The Broadway musical comedy “The Prom” (2020, PG-13), about a group of stage actors who descend on a small Indiana town to support a lesbian couple barred from attending their high school prom, comes to the screen from director Ryan Murphy with Meryl Streep, Nicole Kidman, Andrew Rannells, and James Corden as the Broadway performers. (Netflix)
Meryl Streep also stars in “Let Them All Talk” (2020, R) as novelist with writer’s block on a sea cruise with old friends (Candice Bergen and Dianne Wiest) she hasn’t seen in some time. Steven Soderbergh directs the film, which was partly improvised, and Lucas Hedges and Gemma Chan co-star. (HBO Max)
Gillian Anderson’s performance as Lily Bart in The House of Mirth is weirdly un-modern — the actress seems to have tapped directly into the mindset of the Edith Wharton novel, to a style predating ironic distance. Anderson maintains this even though the film’s dialogue and line readings are (rightly so) pitched in a way that heightens the artificial nature of the New York social scene, circa 1905. Anderson, whose performance often has a trapped, corseted intensity, gets Lily’s tragedy: It’s not that Lily doesn’t understand the rules of the game — it’s that she does, but she thinks her wit and beauty can skirt that calcified code.
Listed in the Cannes festival catalog as “Untitled” and shown via a print lacking its final sound mix, Wong Kar-wai’s new picture is both more of the same and a tentative step in a new direction. Although the Hong Kong director continues his fruitful partnership with first-rate, Australian-born cinematographer Christopher Doyle, and although In the Mood for Love is often gorgeously framed, lit, and color designed, there’s virtually none of the swoopy/slithery camera moves that frequently outran purpose and sense in Chungking Express, Fallen Angels, and Happy Together. Instead the visuals respect the discretion and emotional delicacy of the two principal characters, nextdoor neighbors (Maggie Cheung, Tony Leung Chiu-wai) who gradually realize that their respective spouses are having an affair. Mutual pain draws them together, after a fashion (the spouses themselves are scarcely seen and remain faceless even then). But this being the hyperromantic yet inveterately lonely world of Wong Kar-wai, we should know not to count on the fulfillment that the wall-to-wall Nat “King” Cole song track yearns for.
Shortly before the end of a promotional screening of 102 Dalmatians, an anxious Disney publicist leaned into the press row where I sat and announced that a couple of the film’s reels had been shown out of order. Did we critic types happen to notice, she asked?
Of course, reply my astute colleagues. I, however, keep my mouth shut. You could have shown me this shrill hunk of junk upside down and backwards, and I would have remained willingly obtuse.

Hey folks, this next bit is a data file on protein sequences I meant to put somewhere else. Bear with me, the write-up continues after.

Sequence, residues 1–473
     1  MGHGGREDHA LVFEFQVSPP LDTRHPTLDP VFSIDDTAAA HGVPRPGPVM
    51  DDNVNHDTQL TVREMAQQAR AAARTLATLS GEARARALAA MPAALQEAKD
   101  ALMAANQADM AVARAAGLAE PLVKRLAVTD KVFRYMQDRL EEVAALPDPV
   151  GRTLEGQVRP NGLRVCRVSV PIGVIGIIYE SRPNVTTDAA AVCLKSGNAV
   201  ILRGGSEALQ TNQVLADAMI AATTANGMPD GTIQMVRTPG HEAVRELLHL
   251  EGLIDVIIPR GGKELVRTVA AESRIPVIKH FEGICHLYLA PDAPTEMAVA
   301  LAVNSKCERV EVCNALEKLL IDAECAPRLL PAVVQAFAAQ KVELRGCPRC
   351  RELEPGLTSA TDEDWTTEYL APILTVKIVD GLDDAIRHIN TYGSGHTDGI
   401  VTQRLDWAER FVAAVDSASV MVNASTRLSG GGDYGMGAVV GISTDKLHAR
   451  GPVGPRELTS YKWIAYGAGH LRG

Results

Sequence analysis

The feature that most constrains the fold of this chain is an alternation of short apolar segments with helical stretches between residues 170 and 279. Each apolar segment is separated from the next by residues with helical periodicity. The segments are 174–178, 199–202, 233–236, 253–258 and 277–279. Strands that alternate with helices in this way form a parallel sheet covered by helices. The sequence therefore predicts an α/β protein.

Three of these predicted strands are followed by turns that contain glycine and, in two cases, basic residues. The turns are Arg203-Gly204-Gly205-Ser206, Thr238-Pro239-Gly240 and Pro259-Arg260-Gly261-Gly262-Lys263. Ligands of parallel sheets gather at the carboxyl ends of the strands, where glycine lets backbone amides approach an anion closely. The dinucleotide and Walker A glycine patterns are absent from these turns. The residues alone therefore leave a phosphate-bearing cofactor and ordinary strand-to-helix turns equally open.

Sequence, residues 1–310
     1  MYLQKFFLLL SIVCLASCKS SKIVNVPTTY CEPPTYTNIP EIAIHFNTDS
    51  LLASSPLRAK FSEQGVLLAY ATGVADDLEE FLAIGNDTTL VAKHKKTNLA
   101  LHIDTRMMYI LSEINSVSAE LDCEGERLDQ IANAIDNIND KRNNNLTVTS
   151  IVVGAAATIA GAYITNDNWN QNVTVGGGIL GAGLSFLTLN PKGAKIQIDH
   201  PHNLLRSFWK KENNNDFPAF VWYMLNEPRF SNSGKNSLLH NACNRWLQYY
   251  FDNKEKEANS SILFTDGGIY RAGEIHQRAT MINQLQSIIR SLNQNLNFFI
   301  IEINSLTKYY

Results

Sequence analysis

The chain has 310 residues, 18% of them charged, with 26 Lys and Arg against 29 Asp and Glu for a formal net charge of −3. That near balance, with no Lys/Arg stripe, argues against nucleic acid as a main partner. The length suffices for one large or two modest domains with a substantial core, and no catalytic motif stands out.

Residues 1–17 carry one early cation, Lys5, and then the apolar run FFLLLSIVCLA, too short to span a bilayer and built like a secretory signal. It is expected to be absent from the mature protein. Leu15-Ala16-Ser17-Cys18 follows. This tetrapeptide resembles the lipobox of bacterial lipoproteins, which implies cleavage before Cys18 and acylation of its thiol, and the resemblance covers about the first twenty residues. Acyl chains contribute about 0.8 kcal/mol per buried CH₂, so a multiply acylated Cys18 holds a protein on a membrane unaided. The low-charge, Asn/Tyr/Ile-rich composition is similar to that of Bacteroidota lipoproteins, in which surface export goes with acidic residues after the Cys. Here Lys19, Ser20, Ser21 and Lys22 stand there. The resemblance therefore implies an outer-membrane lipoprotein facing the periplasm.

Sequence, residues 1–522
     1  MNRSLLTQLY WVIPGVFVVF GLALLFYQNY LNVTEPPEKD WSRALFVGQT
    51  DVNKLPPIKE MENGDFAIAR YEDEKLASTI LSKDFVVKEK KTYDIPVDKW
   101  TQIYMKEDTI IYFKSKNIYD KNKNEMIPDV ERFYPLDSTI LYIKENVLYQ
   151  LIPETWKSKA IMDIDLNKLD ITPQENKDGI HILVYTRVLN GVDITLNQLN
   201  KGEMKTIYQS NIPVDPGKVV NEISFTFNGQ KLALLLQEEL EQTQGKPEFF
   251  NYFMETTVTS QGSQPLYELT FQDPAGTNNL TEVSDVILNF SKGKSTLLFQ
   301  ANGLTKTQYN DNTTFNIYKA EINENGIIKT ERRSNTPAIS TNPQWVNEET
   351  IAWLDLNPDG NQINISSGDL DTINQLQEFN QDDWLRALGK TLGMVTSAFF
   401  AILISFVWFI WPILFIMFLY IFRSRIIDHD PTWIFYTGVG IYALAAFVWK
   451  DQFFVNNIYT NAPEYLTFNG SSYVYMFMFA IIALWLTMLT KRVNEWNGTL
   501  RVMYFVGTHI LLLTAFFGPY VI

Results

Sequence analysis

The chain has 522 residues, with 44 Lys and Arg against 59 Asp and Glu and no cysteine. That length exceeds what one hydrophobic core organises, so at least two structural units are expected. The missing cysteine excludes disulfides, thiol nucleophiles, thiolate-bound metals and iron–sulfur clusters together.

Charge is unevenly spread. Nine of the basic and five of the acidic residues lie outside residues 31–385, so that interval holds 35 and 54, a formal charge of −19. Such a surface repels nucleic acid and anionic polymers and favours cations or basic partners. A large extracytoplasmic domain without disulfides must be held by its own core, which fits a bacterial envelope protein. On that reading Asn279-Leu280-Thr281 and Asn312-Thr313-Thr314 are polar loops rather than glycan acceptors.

“Man is an endangered species,” alerts the introductory card to this adaptation of L. Ron Hubbard’s Star Wars inspired epic sci-fi novel. It should have warned us that logic was also hitting hard times.
The year is 3000 and the place is Earth. After a millennium of brutal subjugation by the Psychlos (seemingly an unholy mating of Star Trek’s Klingon and Ferengi races), humans live like cavemen in the irradiated wilds, foraging through a dying Earth. Rebellious young Jonnie Goodboy Tyler (Barry Pepper, in flowing locks and an unchanging expression of determined sincerity) searches for a better land and discovers a race of intergalactic corporate pirates, eight foot alien slavers sucking the planet dry of resources in the name of profit.
If you’ve never heard of South of Heaven, West of Hell, there’s an excellent reason. If you have heard of it, it’s probably because you stumbled upon the information that it marks the directorial debut of singer-actor Dwight Yoakam, who managed to sweet-talk a spectacularly quirky cast into abetting the enterprise: current girlfriend Bridget Fonda and her papa Peter; indie-world luminaries Vince Vaughn and Billy Bob Thornton (for whom Yoakam made a memorably loathsome villain in Sling Blade); character-acting stalwarts Bo Hopkins, Matt Clark, Luke Askew, and Scott Wilson; and such icons of the florid fringe as Bud Cort, Paul Reubens, and Michael Jeter. All should file for workman’s comp and alienation of audience affection because they got themselves mired in one of the dumbest, most inept, most tediously self-indulgent messes in the history of showbiz hubris.